Rise & Shine: Staff in some El Paso County districts learn warning signs of human trafficking

Welcome back from the long weekend,

Suicide is a scary topic for parents and educators. No one wants to imagine that children can feel hopeless or desperate enough to take their own lives. But the fact is, some do. That's why the advice we bring you today from a child psychologist at Children's Hospital Colorado is so important. It outlines key questions to ask children who may be struggling and helps adults figure out what to do once they get answers.

We also have a story today exploring Colorado's ongoing challenges in creating bully-proof school cultures and expanding suicide prevention efforts into elementary schools. There have been a number of efforts in recent years — state grants for extra counselors, new social-emotional learning programs, and special teacher trainings on mental health — but some experts say it's not enough.

— Ann Schimke, senior reporter

Rise & Shine is Chalkbeat’s morning digest of education news. Subscribe to have it delivered to your inbox, or forward to a friend who cares about public education.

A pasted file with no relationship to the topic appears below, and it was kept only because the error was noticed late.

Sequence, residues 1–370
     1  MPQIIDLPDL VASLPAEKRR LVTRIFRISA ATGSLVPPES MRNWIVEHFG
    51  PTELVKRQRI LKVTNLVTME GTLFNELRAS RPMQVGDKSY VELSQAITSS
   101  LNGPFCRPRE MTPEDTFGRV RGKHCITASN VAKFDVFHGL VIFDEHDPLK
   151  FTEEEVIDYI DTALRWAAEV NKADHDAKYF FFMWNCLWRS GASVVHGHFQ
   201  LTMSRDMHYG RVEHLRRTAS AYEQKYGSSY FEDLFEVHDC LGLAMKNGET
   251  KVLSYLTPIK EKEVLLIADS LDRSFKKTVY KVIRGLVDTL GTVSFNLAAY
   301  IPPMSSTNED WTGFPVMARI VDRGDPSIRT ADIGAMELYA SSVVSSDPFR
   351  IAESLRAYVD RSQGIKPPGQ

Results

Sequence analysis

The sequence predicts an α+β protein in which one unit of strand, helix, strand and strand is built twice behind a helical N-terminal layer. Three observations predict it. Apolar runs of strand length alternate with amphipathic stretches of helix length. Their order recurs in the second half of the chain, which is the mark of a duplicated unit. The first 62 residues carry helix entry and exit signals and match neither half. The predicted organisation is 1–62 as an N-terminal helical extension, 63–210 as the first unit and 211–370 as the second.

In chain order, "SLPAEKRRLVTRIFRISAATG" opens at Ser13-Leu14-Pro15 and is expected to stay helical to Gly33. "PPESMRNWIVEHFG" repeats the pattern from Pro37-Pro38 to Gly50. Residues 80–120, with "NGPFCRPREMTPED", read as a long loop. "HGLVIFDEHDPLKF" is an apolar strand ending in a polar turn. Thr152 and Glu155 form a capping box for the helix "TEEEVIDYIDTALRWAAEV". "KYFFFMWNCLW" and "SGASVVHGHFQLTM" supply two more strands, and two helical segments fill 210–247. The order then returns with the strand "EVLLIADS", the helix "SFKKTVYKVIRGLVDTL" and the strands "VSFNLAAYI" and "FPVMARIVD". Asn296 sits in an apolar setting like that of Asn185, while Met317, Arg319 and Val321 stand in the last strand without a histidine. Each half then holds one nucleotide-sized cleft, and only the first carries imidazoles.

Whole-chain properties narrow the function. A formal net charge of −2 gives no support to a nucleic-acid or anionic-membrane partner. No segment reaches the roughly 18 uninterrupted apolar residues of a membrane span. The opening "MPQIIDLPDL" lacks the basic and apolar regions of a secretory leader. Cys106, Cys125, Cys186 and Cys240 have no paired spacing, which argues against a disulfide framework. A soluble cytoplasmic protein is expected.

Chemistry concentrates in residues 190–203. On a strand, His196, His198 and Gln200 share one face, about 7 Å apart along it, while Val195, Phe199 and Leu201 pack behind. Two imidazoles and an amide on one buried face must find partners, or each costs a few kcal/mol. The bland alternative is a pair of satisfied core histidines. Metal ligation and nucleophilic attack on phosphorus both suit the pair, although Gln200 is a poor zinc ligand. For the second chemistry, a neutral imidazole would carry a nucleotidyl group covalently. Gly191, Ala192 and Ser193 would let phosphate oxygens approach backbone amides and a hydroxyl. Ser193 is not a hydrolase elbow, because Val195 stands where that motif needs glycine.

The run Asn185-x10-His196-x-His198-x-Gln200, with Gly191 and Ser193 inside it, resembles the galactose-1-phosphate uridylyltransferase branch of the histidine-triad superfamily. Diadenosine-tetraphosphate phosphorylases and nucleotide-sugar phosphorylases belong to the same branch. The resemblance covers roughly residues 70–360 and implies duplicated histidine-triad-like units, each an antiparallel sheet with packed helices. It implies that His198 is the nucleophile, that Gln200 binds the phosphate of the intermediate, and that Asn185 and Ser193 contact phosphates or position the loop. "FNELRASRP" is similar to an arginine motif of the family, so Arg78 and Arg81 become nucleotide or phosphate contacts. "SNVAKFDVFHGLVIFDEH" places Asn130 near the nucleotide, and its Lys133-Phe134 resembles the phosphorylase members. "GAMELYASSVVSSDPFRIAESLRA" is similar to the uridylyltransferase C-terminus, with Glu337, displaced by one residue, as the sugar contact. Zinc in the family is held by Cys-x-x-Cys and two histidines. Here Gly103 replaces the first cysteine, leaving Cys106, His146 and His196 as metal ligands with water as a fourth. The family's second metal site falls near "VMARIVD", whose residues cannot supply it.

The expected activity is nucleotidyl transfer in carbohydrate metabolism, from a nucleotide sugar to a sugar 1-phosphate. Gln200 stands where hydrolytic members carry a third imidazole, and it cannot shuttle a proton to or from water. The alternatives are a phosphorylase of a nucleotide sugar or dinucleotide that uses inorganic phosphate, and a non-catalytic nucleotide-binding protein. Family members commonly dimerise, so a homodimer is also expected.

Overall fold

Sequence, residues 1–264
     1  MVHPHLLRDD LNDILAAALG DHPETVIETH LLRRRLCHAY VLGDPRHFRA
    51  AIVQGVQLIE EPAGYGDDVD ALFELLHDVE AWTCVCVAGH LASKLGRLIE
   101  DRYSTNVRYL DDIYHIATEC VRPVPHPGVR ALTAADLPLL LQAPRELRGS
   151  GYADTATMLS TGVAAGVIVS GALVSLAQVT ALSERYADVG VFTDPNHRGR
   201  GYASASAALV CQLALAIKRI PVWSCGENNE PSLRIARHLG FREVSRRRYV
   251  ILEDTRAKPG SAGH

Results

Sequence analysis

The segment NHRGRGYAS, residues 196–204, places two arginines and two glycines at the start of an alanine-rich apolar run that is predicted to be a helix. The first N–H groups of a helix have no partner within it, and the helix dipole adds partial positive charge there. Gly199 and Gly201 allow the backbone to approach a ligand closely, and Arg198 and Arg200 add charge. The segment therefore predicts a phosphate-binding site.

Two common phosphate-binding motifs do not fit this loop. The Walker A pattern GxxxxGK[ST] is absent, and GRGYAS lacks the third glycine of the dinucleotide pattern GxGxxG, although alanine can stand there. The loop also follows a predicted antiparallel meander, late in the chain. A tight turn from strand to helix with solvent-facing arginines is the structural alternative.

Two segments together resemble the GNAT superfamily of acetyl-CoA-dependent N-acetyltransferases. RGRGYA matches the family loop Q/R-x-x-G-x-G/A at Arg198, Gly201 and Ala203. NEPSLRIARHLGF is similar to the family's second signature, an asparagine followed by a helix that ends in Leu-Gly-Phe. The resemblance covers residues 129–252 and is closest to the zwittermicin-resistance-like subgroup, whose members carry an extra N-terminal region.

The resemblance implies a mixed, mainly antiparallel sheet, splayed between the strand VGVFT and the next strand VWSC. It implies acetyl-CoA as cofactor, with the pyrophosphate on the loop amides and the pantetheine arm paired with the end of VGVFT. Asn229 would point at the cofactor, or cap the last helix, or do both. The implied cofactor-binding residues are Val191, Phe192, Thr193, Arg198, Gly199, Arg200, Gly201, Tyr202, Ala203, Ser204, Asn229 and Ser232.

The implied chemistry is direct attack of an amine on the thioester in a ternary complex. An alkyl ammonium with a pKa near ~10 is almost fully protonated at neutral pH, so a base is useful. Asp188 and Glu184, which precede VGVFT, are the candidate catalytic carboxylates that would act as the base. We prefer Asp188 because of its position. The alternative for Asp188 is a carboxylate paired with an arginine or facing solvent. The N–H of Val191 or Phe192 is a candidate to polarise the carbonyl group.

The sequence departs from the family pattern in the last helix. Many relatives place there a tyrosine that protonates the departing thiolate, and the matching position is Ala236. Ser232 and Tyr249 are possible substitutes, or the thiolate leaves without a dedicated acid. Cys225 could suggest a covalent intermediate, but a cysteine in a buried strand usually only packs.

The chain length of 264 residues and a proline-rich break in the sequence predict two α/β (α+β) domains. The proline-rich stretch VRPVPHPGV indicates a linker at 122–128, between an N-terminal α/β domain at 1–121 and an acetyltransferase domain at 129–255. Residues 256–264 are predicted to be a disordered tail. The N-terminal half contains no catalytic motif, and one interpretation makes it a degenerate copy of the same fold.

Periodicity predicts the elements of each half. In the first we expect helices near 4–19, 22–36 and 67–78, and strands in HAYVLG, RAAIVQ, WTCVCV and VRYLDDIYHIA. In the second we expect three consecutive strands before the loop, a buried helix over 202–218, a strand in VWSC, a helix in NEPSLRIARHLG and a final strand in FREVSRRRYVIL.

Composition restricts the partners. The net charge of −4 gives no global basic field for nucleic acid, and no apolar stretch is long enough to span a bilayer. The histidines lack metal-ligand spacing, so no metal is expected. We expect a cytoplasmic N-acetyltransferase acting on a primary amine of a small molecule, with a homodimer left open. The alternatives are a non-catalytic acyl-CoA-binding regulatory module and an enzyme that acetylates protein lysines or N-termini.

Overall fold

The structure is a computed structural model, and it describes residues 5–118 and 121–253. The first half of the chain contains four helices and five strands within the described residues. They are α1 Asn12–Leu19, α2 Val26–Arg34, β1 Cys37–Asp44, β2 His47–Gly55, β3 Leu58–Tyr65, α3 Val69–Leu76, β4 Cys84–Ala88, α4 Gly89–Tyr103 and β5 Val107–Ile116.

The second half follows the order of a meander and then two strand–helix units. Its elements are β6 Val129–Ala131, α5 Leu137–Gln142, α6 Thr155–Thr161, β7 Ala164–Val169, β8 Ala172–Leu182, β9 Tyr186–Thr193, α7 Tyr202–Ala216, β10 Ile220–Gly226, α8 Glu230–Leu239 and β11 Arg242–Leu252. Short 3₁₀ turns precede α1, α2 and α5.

GRIM REALITY The recent suicide of a 9-year-old Denver boy is forcing educators, parents, and lawmakers to grapple with an uncomfortable reality: Years of anti-bullying efforts haven’t done enough to change school culture, and suicide prevention efforts barely touch the elementary level. Chalkbeat

HOW TO Talking about suicide with young children can feel scary or inappropriate. But a child psychologist at Children’s Hospital Colorado said broaching the subject can save lives. Here’s what to say. Chalkbeat

VULNERABLE KIDS 350 teachers and administrators in the Lewis-Palmer district in El Paso County took a two-hour training session on human trafficking Friday. The Gazette

HEAD INJURY FEARS Fears regarding youth football participants suffering long-term brain damage are changing the way the game is played and raising questions about the sport’s future. Coloradoan

STEM CHAT Lafayette’s Centaurus High School recently hosted a “speed mentoring” event for female students to encourage them to pursue science and engineering careers and connect them with mentors. Times-Call

IN THE RUNNING As classrooms and textbooks crumble from neglect, and resources run low, teachers from both parties are running for office in unprecedented numbers this year in hopes of gaining a political voice in Washington and in statehouses across the country. CNBC

EDUCATION LAW An exploration of key education court cases, including the 1978 decision that allowed undocumented immigrants access to a public education. New Yorker